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September 17, 2009 Edition
Middle-aged Aviva has always wanted to become a writer and sheís got the talent, but not the time, to become famous. Sheís got a demanding job as a hotel cook, an unemployed husband, a suicidal mother, and three uncommunicative and uncooperative young adult children. When her sister introduces her to a famous author who offers to tutor her, Aviva is elated at first. Then Oded, who hasnít published anything new in years, makes her an offer: sheís got the talent, heís got the name Ė how badly does she want to get published? Itís an offer she canít refuse, though when she sees her book for sale with his name on it, she (and we) are crushed. In Hebrew, with English and Hebrew subtitles.
Since its release in 1971, this has been consistently listed as one of Canadaís best films, and this Criterion release, with its newly restored digital transfer and improved sound quality, may be the best way to see it. Set in wintery and rural 1940s Quebec, this is the story of 15 year-old Benoit who lives with his aunt Cecile and uncle Antoine in an apartment over their store, and also of Jos, father and husband, who quits his job as an asbestos miner and abandons his family for a job at a logging camp. Their stories separate almost immediately, but are brought back together in the end by tragedy and negligence. This is a dark coming of age story for Benoit, and also can be seen as a metaphor for Quebecís political history. In French with English subtitles.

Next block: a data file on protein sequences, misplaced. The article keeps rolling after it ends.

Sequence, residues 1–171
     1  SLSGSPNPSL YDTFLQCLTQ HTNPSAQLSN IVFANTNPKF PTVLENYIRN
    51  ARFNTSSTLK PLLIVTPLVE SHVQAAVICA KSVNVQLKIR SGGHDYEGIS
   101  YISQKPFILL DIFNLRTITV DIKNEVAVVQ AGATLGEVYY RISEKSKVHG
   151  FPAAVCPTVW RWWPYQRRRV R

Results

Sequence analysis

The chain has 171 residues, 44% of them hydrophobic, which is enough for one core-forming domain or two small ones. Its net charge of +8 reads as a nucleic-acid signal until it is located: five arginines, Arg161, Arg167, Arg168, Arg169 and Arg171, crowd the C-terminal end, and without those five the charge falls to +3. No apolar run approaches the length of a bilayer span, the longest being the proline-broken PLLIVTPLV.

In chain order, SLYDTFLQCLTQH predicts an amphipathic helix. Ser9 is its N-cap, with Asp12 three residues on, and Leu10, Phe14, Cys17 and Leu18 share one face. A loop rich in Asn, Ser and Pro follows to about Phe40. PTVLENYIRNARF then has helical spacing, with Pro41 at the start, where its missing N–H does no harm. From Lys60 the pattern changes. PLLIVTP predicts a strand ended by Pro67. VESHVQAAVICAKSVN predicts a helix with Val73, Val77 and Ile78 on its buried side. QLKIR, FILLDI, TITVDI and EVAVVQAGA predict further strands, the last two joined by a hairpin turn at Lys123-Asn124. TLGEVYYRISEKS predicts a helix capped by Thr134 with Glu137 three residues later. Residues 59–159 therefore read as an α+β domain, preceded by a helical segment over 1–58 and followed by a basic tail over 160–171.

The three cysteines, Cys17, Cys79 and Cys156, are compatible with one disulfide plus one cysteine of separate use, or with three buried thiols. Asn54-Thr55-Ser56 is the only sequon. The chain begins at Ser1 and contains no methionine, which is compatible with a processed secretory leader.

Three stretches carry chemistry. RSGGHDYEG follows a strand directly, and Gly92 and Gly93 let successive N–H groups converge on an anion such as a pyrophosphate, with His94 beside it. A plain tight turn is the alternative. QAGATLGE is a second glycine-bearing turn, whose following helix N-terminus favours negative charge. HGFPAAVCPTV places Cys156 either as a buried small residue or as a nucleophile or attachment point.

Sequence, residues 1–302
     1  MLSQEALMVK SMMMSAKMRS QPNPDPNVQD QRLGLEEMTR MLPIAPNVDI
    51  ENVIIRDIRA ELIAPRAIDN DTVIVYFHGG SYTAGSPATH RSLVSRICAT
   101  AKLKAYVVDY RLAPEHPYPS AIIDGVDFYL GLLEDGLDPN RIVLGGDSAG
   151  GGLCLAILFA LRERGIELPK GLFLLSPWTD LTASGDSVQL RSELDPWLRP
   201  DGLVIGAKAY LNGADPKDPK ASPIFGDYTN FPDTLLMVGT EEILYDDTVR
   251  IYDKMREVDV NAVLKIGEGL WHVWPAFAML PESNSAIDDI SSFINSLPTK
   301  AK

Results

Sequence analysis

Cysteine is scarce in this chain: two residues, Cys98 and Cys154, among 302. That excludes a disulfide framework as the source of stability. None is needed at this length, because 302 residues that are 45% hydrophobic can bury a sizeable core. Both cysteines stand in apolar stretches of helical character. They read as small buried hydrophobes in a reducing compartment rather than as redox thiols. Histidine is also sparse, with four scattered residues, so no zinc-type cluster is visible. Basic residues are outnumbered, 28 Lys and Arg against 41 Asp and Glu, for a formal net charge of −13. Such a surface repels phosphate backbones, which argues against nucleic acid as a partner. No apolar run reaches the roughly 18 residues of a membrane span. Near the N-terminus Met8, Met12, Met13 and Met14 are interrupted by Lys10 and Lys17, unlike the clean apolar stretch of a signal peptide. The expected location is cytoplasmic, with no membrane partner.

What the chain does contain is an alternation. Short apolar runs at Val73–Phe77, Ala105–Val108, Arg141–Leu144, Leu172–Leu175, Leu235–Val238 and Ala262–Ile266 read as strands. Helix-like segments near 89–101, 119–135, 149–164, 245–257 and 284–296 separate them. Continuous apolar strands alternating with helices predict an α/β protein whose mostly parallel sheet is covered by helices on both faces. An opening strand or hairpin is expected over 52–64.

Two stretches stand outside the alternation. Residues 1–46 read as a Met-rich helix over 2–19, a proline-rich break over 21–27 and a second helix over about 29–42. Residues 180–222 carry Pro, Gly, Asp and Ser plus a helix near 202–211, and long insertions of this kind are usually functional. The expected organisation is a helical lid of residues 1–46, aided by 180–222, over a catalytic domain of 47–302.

Welcome to a day in the life of Wilby, an island off the coast of Nova Scotia, where the small year-round population is divided between those who believe that big development is about to ruin their lives and those who think their fortunes are about to be made. Where the small town politics are dirty and underhanded and the neighbors are too close for comfort. Where the air is fresh, the beach is (mostly) untainted by used needles, and everyone knows one another, so everyone stays put. But a scandal is about to break loose that will test the bonds of neighborliness in this quiet black comedy.
Duncan is in his mid-twenties and has been drifting through life, unable to focus, since his fatherís death ten years before. But now his grandfatherís health is worsening and Duncan steps up to the plate to help out. Besides an unhealthy fascination with guns, Ronald has Parkinsonís and dementia, and, soon, a nurse to ease the burden on his wife Ruth. As Duncan grows closer to Ronald, he also gets to know Kate, and soon, Duncan and Kate are dating. And when Ronald dies and Kate is offered a job across the country, Duncan must decide whether to battle his inertia and follow her, or sink back into life as he knew it.
Kenneth Branagh brings Swedish detective Kurt Wallander to life in the first three episodes of a new BBC series. Adapted from Henning Mankellís novels, the first episode opens with a young woman intent on committing suicide, the second with the murder of a taxi driver, and the third with the ambush and murders of several young picnickers. Wallander, the world-weary figure around whom events unfold, is portrayed to perfection by Branagh, and those who have read the novels will be happy to find that the series has been most ably adapted to the small screen. Filmed on location in southern Sweden, this is a treat for the eyes and mind alike.
This look into the world of a close-knit orthodox Jewish family in Israel is believable, intriguing, and harrowing. Abraham, a rabbi, tells his son that a good Jew does everything in the Torah without asking why, but this is not enough of an answer for young Menachem, who carries out small acts of rebellion that are hardly worth the name. His mother, Esther, understands Menachemís need to ask questions, but is a good Jewish wife and can do little more than shelter her son from his fatherís inflexibility. The varying reactions of Menachemís parents to the tragedy that occurs while father and son are on vacation at the Dead Sea are thought-provoking and moving. In Hebrew with English subtitles.